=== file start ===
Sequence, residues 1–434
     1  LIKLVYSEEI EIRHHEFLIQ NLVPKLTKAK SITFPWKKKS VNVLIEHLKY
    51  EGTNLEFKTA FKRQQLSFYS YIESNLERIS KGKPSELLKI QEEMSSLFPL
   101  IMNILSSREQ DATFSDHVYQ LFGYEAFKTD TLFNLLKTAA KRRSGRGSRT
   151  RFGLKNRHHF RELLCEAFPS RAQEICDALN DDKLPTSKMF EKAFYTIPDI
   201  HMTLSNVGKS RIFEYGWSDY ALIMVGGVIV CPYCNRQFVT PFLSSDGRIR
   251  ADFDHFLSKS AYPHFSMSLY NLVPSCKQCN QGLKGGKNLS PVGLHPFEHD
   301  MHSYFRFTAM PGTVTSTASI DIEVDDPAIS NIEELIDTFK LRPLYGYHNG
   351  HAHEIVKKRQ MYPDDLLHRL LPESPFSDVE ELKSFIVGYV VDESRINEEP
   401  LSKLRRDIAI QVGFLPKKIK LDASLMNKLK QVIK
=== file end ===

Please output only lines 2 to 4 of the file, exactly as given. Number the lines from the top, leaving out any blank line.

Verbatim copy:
     1  LIKLVYSEEI EIRHHEFLIQ NLVPKLTKAK SITFPWKKKS VNVLIEHLKY
    51  EGTNLEFKTA FKRQQLSFYS YIESNLERIS KGKPSELLKI QEEMSSLFPL
   101  IMNILSSREQ DATFSDHVYQ LFGYEAFKTD TLFNLLKTAA KRRSGRGSRT